Wednesday, February 20, 2019

The 6th nominee for the “worst employer of 2019” is … the diverse discriminator


How many different ways can one employer discriminate? How about eight.

The EEOC recently settled a national origin and disability discrimination lawsuit against a staffing agency, brought on behalf of a group of Latino employees working at an Alabama poultry plant.

Tuesday, February 19, 2019

The FMLA does not require that an employee use magic words to request leave


According to the FMLA's regulations, "When an employee seeks leave for the first time for a FMLA-qualifying reason, the employee need not expressly assert rights under the FMLA or even mention the FMLA." Courts do not interpret this burden as a heavy one. An employee need not use the letters "F-M-L-A," or any other magic words to request leave under the statute. As long as the employee provides enough information for the employer to reasonably conclude that an FMLA event described has occurred, the employee has met his or her obligation to provide notice of a request for an FMLA-qualifying leave.

What does this look like in practice? Consider the following two examples.

Monday, February 18, 2019

Do you know how to spot an employee at risk for violence?


Early Friday afternoon, Henry Pratt Co. informed one of its employees, Gary Martin, of his termination. Shortly thereafter, he opened fire with a .40-caliber Smith & Wesson, killing five of his co-workers and wounding five police officers. Martin himself was the sixth casualty, killed in a shootout with police.

After the news of this tragedy broke, reports surfaced of Martin's history of violence—six prior arrests by the local police department for domestic violence, and a decades-old felony conviction for aggravated assault.

All of which begs the question, should this employer have known that Martin was prone to violence, and, if so, should it have taken added measures in connection with his termination.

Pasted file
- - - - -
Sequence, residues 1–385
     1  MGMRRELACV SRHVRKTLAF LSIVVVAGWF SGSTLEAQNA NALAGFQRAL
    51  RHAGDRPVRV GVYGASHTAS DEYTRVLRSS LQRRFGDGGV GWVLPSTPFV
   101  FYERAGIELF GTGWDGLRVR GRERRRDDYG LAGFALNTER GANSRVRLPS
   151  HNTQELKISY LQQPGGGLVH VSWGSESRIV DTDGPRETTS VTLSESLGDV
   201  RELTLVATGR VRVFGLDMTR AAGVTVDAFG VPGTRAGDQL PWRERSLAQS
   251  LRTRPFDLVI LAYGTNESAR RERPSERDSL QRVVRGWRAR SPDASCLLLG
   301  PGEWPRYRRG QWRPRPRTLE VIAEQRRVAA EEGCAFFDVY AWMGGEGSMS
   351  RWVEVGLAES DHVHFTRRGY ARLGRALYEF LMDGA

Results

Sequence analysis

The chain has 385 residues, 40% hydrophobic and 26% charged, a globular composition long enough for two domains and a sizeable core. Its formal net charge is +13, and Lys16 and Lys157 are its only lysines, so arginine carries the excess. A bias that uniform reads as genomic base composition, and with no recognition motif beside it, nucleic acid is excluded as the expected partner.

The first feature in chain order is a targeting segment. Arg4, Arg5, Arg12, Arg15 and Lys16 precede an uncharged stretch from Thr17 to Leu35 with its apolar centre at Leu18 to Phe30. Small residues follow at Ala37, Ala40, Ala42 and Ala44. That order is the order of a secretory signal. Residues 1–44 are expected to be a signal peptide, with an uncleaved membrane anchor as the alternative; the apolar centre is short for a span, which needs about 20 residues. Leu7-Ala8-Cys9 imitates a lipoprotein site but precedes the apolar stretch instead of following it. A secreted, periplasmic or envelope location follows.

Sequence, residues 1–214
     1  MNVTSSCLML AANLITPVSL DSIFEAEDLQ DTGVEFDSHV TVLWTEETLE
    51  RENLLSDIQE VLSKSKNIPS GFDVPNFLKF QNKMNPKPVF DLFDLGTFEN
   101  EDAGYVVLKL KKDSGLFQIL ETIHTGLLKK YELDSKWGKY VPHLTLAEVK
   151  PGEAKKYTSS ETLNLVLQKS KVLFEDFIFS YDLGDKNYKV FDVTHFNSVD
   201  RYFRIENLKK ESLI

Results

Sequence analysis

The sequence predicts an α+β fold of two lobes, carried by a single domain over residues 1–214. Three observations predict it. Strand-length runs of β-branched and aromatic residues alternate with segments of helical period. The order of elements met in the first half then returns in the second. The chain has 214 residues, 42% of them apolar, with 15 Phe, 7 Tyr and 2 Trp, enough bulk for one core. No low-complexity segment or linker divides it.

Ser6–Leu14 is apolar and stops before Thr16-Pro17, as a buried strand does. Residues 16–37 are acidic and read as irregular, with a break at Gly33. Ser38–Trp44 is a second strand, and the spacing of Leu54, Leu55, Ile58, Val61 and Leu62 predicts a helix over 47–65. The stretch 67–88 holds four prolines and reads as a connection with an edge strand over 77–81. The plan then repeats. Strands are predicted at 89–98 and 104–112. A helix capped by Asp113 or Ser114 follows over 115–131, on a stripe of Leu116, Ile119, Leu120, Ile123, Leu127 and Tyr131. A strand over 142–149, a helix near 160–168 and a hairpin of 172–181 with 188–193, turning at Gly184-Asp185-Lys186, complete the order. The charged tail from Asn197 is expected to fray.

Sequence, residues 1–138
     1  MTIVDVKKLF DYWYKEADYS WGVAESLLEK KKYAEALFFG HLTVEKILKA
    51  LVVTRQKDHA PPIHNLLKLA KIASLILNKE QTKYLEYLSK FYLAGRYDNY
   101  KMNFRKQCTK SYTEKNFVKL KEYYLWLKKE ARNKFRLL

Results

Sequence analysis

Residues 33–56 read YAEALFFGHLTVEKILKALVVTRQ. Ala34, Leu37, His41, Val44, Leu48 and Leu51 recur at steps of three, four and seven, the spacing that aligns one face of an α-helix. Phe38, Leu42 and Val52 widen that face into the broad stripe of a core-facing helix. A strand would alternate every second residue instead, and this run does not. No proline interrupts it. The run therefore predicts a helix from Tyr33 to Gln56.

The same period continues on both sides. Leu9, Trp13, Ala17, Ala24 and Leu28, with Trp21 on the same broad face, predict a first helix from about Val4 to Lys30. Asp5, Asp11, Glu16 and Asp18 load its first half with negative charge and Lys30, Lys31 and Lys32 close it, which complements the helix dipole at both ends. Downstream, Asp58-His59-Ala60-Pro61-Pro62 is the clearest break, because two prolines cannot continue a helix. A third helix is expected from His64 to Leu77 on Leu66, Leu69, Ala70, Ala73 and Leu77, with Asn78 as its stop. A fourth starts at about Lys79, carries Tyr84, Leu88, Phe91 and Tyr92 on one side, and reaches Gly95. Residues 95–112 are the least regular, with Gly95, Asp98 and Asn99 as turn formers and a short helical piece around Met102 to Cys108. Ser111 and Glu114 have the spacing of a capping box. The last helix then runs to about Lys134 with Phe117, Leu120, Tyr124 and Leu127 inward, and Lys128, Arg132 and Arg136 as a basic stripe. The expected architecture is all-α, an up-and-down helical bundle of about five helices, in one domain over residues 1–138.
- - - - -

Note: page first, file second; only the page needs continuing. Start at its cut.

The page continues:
Friday, February 15, 2019

WIRTW #542 (the “Scared. Ashamed. Crippled.” edition)


A few days ago, Mark Goldstein, an attorney at Reed Smith, tweeted me (and others) this:

 https://www.law.com/2019/02/12/scared-ashamed-crippled-how-one-lawyer-overcame-living-with-depression-in-big-law/

If you read on thing this week, read Mark's article, 'Scared. Ashamed. Crippled.': How One Lawyer Overcame Living With Depression in Big Law. We are in the middle of a mental health crisis in America. The more we talk openly about it, the more it becomes de-stigmatized, and the more comfortable those suffering will be to come forward and seek the help they need. It took a lot of courage for Mark to write this article. If you are suffering with mental health issues, or know someone who is, use Mark's example to ask for help. As Mark says, "You are not alone." We are here to help you, and will gladly do so, without judgment or scorn. 

Here's what else I read this week:

Thursday, February 14, 2019

When the rumor mill creates a sexually hostile work environment


Just in time for Valentine's Day, I bring you the story of a employee rumored to be sleeping with her boss to get a promotion. She wasn't, but the workplace rumor mill sure thought she was.

Wednesday, February 13, 2019